Radiators are designed to cause as little hassle as possible. With systems that are supposed to run for years, and with warranties to match, it can be irritating when a problem continues to persist, even after attacking from all angles.
One such problem includes cold radiators. As an accessory and tool designed specifically and solely to warm up and provide heat for a room, when a radiator remains cold or has cold patches, it’s unsurprising that the homeowner might be just a little frustrated. Usually rectified through radiator bleeding, a relentless cold shoulder from your radiator needn’t spell doom and gloom for the oncoming autumn and winter period.
Whilst many electric radiators promise strong BTU outputs and no central heating problems, the majority of heating units out there run on hot water. This can trigger problems that are outside of the radiators control, affected instead by the homeowner and the environment around them. So, if you’re radiator has a cold patch and radiator bleeding hasn’t fixed the issue, these points might help you to find a solution.
Why should I bleed my radiator?
If your radiator has cold patches, it’s probably because of air bubbles getting trapped in your system. Radiators use gravity and water pressure to push the hot water through the central heating system and pipes, and so when there’s not enough internal pipe pressure or a build-up of residue, hot water won't reach that specific section of the heating unit. Whether a chrome or coloured radiator, this will always be a problem with central heating based radiators.
What is radiator bleeding?
Before we explore the alternatives to radiator bleeding, let’s take a look at what it actually is. Every central heating radiator in the world should come with a bleed valve installed The reason for this is that radiator cold spots are unfortunately common occurrences, regardless of whether they’re a top of the range designer radiator UK or not.
First off, make sure your radiator system and central heating are switched off. You don’t want boiling hot water dripping onto your skin. Once it’s turned off, find your radiators bleed valve, usually on the top corner of your radiator, and use a bleed key or similar tool to open it. Make sure you have put a bucket or towel under the valve, as it will almost certainly drip water. Once you’ve opened the valve, you should hear a hissing, which will indicate the air bubbles leaving the system. This will eventually stop, replaced by the dripping water. This is the signal to tighten up the bleed valve. Once you’ve done this, turn on your radiator and find out if the cold patch has gone.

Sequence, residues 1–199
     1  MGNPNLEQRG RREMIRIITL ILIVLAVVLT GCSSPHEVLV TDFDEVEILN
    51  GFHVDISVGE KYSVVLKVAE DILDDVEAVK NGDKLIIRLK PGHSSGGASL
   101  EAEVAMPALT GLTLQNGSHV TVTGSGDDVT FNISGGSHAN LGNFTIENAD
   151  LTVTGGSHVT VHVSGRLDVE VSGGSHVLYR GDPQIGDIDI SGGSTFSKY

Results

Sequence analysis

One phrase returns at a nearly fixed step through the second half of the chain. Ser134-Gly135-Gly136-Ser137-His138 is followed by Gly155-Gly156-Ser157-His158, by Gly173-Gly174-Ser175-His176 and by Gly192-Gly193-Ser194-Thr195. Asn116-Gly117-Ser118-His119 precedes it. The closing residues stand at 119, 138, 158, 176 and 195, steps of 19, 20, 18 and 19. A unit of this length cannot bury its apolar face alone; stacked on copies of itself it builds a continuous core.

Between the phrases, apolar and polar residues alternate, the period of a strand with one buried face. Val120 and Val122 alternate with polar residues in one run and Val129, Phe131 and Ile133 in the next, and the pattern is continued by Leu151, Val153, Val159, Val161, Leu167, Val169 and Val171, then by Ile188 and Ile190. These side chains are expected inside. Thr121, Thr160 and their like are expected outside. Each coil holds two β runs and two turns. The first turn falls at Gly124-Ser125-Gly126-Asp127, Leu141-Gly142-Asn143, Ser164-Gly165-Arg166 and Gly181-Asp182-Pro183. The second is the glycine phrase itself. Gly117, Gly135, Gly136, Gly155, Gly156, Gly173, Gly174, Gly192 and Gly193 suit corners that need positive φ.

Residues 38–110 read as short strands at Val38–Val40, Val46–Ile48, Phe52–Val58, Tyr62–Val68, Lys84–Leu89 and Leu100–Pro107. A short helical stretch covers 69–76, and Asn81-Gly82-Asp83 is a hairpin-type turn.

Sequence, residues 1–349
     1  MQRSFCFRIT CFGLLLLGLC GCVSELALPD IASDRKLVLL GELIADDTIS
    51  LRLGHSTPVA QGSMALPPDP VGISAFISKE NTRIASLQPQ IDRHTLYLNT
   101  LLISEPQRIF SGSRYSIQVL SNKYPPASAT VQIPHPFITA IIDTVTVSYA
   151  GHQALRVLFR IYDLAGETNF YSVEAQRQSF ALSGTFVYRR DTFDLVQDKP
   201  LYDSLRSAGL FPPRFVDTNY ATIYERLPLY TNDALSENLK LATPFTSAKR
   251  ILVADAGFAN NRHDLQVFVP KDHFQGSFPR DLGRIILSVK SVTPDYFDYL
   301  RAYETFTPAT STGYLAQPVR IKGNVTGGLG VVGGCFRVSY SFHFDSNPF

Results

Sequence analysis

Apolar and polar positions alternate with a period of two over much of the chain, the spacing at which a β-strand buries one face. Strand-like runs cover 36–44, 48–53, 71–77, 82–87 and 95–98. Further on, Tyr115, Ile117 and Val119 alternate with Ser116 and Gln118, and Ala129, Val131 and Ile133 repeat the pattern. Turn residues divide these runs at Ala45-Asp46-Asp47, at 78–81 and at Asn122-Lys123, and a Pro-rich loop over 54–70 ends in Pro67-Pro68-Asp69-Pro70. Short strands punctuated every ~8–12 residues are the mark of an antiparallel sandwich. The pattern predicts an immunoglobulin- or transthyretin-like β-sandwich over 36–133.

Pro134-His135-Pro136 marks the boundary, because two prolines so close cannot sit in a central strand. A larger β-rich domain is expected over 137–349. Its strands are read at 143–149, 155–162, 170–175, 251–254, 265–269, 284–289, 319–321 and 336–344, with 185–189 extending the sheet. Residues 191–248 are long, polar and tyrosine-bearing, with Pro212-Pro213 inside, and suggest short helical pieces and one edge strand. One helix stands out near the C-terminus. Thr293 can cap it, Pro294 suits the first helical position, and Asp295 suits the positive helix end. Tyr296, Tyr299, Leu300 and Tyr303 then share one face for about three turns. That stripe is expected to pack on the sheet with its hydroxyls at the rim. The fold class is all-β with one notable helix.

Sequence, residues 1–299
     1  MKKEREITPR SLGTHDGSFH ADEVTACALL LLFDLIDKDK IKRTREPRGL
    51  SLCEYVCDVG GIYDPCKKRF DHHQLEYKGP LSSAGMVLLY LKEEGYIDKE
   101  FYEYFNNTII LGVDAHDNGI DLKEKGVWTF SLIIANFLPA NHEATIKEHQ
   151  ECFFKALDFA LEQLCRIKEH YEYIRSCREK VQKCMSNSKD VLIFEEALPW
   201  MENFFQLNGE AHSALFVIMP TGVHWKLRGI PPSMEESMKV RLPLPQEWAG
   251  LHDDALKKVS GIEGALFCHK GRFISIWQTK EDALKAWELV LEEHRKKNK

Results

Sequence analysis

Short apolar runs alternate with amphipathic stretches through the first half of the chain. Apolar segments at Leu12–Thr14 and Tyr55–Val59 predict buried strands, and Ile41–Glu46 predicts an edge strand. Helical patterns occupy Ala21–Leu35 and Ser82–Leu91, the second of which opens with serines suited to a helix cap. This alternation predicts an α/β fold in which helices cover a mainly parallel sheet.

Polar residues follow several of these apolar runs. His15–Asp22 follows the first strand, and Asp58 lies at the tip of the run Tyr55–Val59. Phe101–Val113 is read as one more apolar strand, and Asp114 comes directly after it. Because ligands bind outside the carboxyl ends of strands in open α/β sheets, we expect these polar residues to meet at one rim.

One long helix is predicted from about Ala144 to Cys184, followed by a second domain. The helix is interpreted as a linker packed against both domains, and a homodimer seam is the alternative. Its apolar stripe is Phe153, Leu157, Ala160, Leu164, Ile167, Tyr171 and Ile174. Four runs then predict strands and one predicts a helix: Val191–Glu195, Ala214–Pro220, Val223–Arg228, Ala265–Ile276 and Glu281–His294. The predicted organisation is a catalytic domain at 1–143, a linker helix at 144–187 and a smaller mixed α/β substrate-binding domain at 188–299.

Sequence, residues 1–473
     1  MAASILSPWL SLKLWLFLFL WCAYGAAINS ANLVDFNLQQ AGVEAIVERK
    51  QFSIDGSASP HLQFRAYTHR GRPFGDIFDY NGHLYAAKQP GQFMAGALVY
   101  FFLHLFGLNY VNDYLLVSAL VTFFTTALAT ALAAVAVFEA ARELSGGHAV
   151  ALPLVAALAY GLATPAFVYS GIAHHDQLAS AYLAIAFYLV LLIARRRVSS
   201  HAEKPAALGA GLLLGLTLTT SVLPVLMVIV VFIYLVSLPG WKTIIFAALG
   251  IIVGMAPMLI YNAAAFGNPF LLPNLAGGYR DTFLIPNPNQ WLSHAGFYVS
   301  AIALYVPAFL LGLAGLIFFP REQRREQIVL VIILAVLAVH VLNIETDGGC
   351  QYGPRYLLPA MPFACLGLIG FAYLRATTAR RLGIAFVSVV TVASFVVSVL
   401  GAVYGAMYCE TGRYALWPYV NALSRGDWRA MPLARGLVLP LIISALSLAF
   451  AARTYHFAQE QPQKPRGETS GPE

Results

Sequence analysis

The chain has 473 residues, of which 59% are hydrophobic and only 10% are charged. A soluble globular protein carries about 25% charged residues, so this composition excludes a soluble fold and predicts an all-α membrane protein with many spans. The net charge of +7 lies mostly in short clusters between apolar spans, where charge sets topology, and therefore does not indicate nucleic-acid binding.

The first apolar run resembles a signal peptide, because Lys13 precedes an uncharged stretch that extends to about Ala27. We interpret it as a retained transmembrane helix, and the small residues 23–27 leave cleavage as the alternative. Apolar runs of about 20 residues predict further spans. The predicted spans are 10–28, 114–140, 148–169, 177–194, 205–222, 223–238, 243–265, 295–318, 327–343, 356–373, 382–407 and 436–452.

What are the alternatives to radiator bleeding?
If you’re faced with a cold horizontal radiator, bleeding is the simplest solution. Even if it doesn't work, it’s a good litmus test to see if the problem is more serious than first thought. It’s never a waste of time to bleed a radiator, it will at least rule out the simplest ailment a radiator can encounter, meaning you can focus on other potential causes.
Check your TRV Valves
Your TRV valve might be to blame for your cold radiator. With it’s gaging and controlling of the radiator units water content, the TRV valve plays an important part in regulating the temperature of your room. The pin can get stuck and can be easily get shut in the shut position. You can use an adjustable spanner to gently shift the pin into the open position, loosening it to allow water in again.
Flushing your system
Flushing your radiator system can be used to get rid of any blockages inside. Chemical inhibitors are available at all good hardware and homeware shops and are used to shift any residue in your radiator system that could block the pipes. Turn off your central heating system and add the chemical inhibitor to your system. Turn on your central heating again and heat up your radiators. This will allow the chemical inhibitor to run through your radiator and get rid of any residue.
An unbalanced radiator system is another reason why your radiator may have cold patches. Central heating radiators work through water running through the closest radiator to the boiler, and into the next. This can lead to less pressure reaching the last radiator in the system, which is why you should regulate the TRV valves pressure to be slightly more open for each radiator in the system.